As Emperors go, Claudius was not too bad (and he was pretty good for Rome), but a great humanitarian he was not. However, his greatest failing was his blind trust in his wife, Valeria Messalina, who it turns out was (at least in this version of the story, in which Claudius totally throws his wife under the bus by blaming pretty much every bad thing he ever did on her) screwing half of Rome behind his back.
This is the fictional Messalina created by Robert Graves, of course, who portrays her as a truly horrible, manipulative and monstrous little slut who had Claudius wrapped around her little finger while she was having anyone who offended her, threatened to expose her, or refused to sleep with her put to death. The degree of exaggeration Claudius gives his wife's promiscuity is enough to make even a non-feminist skeptical (like, she wore out the city's most veteran courtesans in a fucking contest, really?) Most everything in Graves's novels is based on the work of Roman historians Tacitus, Seutonius, Pliny the Elder, and the satirist Juvenal, all of whom were writing about events long in the past and who had reason to be hostile to Messalina and her imperial line, so it's been argued that her sexual voraciousness and other misdeeds are just sexist slander. Who knows?
Everything in the book is at least based on historical facts, however. We know that Messalina was eventually executed for adultery, and Claudius married his niece, Agrippina, the daughter of his brother Germanicus, and sister of Caligula. Once again, Graves gives Claudius high-minded motives for this incestuous marriage, which (in this version of the story, at least), was never consummated and which they both agreed to for purely political reasons.
Agrippina may not have been quite the murderous whore that Messalina was, but she was just as scheming, and was soon conspiring to ensure her son Lucius (aka Nero) would become Emperor, rather than Claudius and Messalina's son Britannicus. Claudius sort of dodders off into a depressive funk (and incidentally, becomes a raging drunk who stages grand gladiatorial death-matches... once again acting like a typical Roman Emperor all while claiming not to be a typical Roman Emperor), tries to send his son Britannicus away from Rome because he knows the kid is going to be no match for Nero, but ultimately fails.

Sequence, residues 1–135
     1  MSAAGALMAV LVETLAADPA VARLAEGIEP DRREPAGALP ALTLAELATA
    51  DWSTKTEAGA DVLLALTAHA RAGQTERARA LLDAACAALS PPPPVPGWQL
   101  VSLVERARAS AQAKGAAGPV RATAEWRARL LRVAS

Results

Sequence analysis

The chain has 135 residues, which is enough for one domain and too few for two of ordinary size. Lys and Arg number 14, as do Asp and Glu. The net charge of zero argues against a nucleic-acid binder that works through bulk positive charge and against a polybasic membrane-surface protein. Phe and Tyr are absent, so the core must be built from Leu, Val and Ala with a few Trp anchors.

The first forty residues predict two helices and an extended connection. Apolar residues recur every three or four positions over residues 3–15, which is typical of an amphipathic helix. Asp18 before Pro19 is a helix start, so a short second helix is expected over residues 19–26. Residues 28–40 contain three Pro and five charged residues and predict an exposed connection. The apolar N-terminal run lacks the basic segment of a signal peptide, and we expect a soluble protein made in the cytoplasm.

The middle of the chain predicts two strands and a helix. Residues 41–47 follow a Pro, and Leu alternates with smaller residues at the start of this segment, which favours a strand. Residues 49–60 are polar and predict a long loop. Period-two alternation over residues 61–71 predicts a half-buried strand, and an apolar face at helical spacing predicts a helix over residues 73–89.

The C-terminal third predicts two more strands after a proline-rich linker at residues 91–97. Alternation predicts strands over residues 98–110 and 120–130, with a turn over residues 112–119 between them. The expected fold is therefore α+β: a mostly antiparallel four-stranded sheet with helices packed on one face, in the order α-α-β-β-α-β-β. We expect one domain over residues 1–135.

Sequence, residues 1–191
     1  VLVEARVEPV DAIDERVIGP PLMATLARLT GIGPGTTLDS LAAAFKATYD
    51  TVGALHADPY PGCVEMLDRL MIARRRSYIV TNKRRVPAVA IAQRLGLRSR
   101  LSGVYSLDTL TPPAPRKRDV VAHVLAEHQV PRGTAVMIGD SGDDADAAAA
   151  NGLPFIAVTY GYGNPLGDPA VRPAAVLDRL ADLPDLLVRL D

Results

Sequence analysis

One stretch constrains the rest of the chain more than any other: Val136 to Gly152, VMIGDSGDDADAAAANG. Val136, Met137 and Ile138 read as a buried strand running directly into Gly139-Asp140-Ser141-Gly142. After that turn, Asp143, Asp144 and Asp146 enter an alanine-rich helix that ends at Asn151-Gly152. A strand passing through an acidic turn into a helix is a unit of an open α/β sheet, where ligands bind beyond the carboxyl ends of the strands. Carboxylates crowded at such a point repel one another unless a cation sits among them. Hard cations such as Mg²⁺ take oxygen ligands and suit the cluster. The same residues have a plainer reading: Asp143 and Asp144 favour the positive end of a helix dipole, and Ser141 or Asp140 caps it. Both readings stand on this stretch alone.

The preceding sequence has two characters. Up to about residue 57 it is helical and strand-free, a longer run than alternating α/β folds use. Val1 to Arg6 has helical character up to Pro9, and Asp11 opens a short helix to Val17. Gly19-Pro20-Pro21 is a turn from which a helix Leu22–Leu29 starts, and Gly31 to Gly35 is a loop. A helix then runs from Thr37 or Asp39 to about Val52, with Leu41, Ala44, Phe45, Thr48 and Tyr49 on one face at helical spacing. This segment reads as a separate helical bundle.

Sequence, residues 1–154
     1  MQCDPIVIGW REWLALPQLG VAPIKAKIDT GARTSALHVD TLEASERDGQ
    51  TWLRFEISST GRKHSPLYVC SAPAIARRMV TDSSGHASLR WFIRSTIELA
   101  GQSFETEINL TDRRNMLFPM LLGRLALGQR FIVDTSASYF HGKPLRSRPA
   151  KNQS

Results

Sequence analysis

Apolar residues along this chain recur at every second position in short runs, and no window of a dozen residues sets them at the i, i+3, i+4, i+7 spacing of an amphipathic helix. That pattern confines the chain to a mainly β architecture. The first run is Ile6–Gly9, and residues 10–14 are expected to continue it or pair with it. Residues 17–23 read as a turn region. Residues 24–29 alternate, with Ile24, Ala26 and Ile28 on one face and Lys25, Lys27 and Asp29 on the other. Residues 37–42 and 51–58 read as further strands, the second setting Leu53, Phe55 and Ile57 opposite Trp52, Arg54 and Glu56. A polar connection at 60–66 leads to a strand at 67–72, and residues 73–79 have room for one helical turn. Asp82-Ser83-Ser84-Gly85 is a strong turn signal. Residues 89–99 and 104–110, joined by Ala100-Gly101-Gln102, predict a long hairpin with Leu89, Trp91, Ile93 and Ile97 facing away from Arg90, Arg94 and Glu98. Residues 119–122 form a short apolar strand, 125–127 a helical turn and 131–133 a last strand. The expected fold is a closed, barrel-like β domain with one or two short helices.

Roman historians accuse Agrippina of poisoning Claudius, but like the turgid descriptions of Messalina's debauchery, there is reason to be skeptical of these accounts. Still, it is certainly the sort of thing Romans did, so there isn't much reason to think she didn't do it, either. Robert Graves's novels are first and foremost, novels. Graves wrote them to be entertaining, rather than to instruct the reader in Roman history. But he based them on Roman sources, so what you're really reading is a novelization of all the Roman writings that most Roman histories have been based on. If Graves's version of Emperor Claudius is historically inaccurate, it's not much more inaccurate than Tacitus and Pliny the Elder.
I do wonder about the references to corn, though.